Korea for First-Time Visitors : THE KOREANS <i> by Russell Warren Howe (Harcourt Brace Jovanovich: $9.95, paper; 220 pp.) </i>

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My first contact with Koreans was in Vietnam where one of the standard American jokes about winning the war entailed placing South Korean military in the southern Mekong Delta, building a large PX at the northern DMZ, and telling the Koreans that it was all theirs, after clearing out the Communists in between.

The joke was insulting and demeaning, like all ethnic jokes, and yet it was also a grudging acknowledgement of the single-minded determination of Koreans to survive and succeed. That determination is one of the underlying themes of Russell Warren Howe’s very readable new book, “The Koreans.”

Howe, a foreign correspondent who has written widely on Africa, turns here to a country he first visited in 1968. It is clearly a love affair. Koreans and their country have enchanted him, and he tries to convey that enchantment to his readers.


While Americans have focused on China and Japan (re-enacting 18th-Century Europe’s fascination with chinoiserie), the other countries of Asia, especially Korea and Taiwan, have grown up in the shadow of our ignorance. What we have awakened to, however, now appears to be our rival, not our friend. In 1988, the United States ran a $9.8-billion trade deficit with Korea. This rivalry Rep. Richard A. Gephardt tried to make a campaign issue with his claim that a Korean-made Hyundai car would cost $48,000 if all the Korean restrictive tariffs on U.S. goods were applied to it. Sensing American hostility, Koreans, rather than becoming apologetic, have become more nationalistic with the Korean government most recently suggesting that all American troops be withdrawn in the 1990s.

In this atmosphere of increasing bilateral tension on both trade and security issues, Howe’s book is welcome relief for its focus on the history, the land, and the culture of Korea. In Asia, above all, the present is often only a reflection of the past. Trade tensions, for example, are not new. In the mid-19th Century, the first American trade mission to Korea had to be guarded by a Marine squadron and then had to fight its way back aboard ship. Korea is an ancient land--in myth claiming an origin in 2333 BC, becoming known as “Ko-gu-ryo” as a Chinese vassal state in 73 BC. Squeezed in later centuries between China and the emerging Japanese empire, as in the 20th Century, it would be caught between the Soviet Union and the United States, the Koreans evolved their own distinctive society that withstood foreign encroachments and now, with Korea’s economic strength, is undergoing a renaissance, explaining in part current nationalism.

With selective (apparently fictional) vignettes of a day in the life of the average Korean, Howe takes us beyond the political issues that dominate the headlines in the American press to understand how Koreans have integrated their past with modernization. In one case, a young female clerk is described visiting a mudang, or witch, for help in attracting a particular accountant. In another, we see how a family of five can coexist in an apartment the size of an American hotel room. As Howe observes, “Koreans are both rigid and adaptable, cunning and frank, stubborn and sentimental, stoic and soulful.”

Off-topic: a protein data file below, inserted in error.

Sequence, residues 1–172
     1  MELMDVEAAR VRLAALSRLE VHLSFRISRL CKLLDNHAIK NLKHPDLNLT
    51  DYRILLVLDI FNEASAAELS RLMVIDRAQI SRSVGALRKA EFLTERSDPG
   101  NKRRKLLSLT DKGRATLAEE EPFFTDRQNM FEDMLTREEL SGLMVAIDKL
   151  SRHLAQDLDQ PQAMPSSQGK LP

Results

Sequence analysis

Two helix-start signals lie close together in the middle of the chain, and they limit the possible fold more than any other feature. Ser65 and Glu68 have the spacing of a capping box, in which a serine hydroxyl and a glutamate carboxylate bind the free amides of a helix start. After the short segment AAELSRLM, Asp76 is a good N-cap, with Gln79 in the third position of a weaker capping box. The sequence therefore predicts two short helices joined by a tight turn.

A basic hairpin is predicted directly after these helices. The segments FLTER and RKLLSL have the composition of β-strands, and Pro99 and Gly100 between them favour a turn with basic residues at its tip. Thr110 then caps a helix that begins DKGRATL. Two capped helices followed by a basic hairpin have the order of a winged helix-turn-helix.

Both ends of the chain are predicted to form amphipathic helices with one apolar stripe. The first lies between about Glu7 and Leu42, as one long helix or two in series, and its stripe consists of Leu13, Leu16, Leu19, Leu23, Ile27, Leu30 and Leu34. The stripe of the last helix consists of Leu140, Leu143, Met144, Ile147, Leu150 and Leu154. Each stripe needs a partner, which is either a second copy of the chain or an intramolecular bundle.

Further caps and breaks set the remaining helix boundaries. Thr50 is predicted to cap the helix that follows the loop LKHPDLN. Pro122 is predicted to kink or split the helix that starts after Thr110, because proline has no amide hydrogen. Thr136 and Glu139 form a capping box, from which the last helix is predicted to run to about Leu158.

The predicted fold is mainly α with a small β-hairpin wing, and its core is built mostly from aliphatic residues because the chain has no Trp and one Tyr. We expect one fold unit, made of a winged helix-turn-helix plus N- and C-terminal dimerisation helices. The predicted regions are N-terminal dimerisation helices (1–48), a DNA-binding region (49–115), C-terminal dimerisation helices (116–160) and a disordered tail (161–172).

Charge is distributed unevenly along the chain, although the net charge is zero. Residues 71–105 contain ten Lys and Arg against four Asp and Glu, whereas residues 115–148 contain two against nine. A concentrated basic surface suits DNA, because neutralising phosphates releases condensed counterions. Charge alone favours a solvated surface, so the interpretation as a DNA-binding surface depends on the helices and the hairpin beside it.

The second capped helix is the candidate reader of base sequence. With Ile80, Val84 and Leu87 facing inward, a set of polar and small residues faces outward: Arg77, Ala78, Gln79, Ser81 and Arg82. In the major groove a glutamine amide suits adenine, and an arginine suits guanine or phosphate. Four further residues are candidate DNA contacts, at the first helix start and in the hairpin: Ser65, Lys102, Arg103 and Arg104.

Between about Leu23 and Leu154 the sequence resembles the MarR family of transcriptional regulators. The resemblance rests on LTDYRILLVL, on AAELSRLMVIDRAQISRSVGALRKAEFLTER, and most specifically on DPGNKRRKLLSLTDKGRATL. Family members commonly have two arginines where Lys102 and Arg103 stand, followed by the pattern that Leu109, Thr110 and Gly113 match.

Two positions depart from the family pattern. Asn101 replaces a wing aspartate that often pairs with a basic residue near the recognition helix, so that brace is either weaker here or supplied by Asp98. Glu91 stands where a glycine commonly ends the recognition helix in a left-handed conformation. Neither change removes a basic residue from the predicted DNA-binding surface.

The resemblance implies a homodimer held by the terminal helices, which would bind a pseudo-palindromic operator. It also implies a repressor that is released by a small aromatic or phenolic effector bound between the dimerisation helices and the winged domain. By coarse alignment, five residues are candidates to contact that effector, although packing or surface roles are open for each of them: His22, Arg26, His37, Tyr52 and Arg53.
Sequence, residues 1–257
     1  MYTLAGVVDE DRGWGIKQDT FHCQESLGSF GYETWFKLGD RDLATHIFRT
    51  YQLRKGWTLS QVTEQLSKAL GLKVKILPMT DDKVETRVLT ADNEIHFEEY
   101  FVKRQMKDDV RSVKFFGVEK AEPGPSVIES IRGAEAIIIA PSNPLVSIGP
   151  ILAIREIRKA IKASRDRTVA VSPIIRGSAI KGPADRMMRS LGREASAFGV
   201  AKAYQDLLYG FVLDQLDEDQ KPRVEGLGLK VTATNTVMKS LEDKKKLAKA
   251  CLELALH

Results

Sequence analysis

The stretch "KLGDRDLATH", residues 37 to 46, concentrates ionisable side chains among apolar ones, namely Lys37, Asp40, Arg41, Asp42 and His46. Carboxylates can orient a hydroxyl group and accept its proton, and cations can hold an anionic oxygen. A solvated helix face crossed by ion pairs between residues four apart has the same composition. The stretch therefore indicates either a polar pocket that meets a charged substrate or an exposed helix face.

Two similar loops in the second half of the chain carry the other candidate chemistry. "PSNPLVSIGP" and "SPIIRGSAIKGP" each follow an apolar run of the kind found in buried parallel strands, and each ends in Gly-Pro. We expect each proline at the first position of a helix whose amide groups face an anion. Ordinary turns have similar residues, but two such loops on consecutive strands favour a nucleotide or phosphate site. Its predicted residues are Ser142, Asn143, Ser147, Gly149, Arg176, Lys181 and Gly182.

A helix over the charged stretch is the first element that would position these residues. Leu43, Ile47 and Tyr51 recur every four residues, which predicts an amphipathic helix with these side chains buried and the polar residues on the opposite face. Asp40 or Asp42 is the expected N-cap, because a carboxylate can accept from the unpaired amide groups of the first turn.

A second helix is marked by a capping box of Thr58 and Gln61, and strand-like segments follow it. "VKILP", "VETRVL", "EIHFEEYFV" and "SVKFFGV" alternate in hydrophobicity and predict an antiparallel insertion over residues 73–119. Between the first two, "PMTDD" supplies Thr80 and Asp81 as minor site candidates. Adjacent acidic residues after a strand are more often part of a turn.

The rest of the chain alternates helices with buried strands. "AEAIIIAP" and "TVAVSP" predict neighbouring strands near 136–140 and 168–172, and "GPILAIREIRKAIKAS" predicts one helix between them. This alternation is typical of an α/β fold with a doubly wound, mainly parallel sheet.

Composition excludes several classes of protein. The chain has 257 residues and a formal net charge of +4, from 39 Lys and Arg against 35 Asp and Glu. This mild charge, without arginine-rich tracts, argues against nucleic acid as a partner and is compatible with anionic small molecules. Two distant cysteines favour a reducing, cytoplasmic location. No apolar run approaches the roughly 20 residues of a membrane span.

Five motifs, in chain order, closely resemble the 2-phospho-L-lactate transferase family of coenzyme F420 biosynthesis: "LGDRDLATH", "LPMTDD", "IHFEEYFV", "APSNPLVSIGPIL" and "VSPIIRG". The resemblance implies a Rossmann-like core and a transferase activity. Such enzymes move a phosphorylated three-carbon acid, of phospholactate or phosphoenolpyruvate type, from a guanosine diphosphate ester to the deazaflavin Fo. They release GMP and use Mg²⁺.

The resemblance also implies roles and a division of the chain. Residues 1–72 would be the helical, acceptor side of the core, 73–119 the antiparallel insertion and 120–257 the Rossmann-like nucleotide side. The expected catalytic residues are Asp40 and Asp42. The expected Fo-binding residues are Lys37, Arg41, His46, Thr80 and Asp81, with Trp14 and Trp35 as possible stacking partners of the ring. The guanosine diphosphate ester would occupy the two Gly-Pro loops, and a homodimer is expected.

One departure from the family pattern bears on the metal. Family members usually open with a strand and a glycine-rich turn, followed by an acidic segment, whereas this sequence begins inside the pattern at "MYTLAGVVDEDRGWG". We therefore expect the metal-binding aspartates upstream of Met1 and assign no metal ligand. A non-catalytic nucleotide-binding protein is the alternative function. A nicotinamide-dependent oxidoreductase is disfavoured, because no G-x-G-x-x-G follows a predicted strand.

It is the hard edges of Koreans that foreigners most easily see. Howe shows us the sentimental side of Koreans, their art, literature, and religion, including the daily rituals that enrich life. Seances are witnessed as well as a wedding and burial service. Howe frequently contrasts Korean behavior to that of Japan and China, and sometimes the West, indicating not only the differences but also the similarities. Korea has, for instance, 18 times more Christians than Japan.

These are useful distinctions not only for the occasional tourist but also for the American businessman who often finds his or her sales territory straddling several Asian lands. This is in effect Howe’s audience and one of the major limitations of his book.

Written obviously with the Olympic Game traveler in mind, “The Koreans” is a cultural guidebook for the well-educated traveler who wants to sample more than a spicy dish of kimch’i or a view of the DMZ. Containing tips on taxis, gratuities, food, and “companionship” for the “lonely male,” “The Koreans” should not be taken for serious study.


It touches only in passing two critical areas: politics and economics. There is minimal discussion of the nation’s political and economic structures. He mentions that “Koreans are obsessed with the future,” but to a major extent, their future will be determined by emerging political institutions and means of production. These are not dealt with at all and are more vital at least to the business traveler than knowing how to thank a Korean for a gift.

Annoyingly, too, there are occasional gratuitous asides that could be interpreted as anti-Israeli. At one point when discussing the brutal interrogation techniques of Korean security forces, he states: “The Israeli contribution seems to have been mainly in the area of sexual torture, which did not exist before.” What does the author mean? Where is his proof to this damning declaration? He offers none, and there is no further discussion of this point. They detract from an appreciation of what is an overall good companion for the first-time traveler to Korea.